Most lawyers generally understand the broad outlines of their duty of confidentiality. Despite that, lawyers often run afoul of this rule. In an attempt to clarify these obligations, the American Bar Association (ABA), on March 6, 2018, issued Formal Opinion 480, which specifically examines confidentiality obligations for lawyer blogging and other public commentary. The opinion highlights (or perhaps resolves) a few common points of disagreement. Notably, the opinion recites the ABA's view that the information remains confidential even when otherwise publicly available and suggests broad circumstances where the mere identity of the client is confidential. Neither of these positions are without controversy under the law of a specific state.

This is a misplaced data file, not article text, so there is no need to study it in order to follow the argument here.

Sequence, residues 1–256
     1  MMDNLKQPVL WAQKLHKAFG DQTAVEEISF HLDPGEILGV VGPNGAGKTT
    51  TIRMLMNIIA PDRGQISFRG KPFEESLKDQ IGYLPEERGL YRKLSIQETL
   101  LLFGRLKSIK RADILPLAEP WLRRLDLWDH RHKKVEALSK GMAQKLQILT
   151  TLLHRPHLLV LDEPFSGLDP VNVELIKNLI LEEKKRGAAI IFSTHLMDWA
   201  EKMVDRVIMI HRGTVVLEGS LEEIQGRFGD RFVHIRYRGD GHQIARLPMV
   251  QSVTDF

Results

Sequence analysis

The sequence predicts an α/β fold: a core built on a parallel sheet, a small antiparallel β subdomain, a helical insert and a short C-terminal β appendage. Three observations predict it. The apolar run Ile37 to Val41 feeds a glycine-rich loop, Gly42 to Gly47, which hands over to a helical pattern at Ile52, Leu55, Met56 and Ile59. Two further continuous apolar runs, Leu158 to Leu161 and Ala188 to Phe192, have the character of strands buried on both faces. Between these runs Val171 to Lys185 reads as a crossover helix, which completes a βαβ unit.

Perhaps the most important of the professional duties that lawyers have to their clients is the duty of confidentiality, which appears in ABA Model Rule of Professional Responsibility 1.6. All jurisdictions have a version of Rule 1.6, which provides that a lawyer "shall not reveal information relating to the representation of a client." Information that relates to the representation of a client is much broader than the information that fits into the evidentiary protection of attorney-client privilege. Indeed, the obligation of confidentiality includes all information communicated in confidence by the client, along with all information related to the representation, no matter what the source of that information is. Rule 1.6 also provides exceptions to the duty of confidentiality, including where a client provides informed consent or where the disclosure is impliedly authorized in order to carry out the representation. Additional subparts to the rule provide other exceptions, some of which are optional, while others require mandatory disclosures (most famously, lawyers generally have a duty to disclose confidential information where the lawyer reasonably believes it is necessary to prevent reasonably certain death or substantially bodily harm).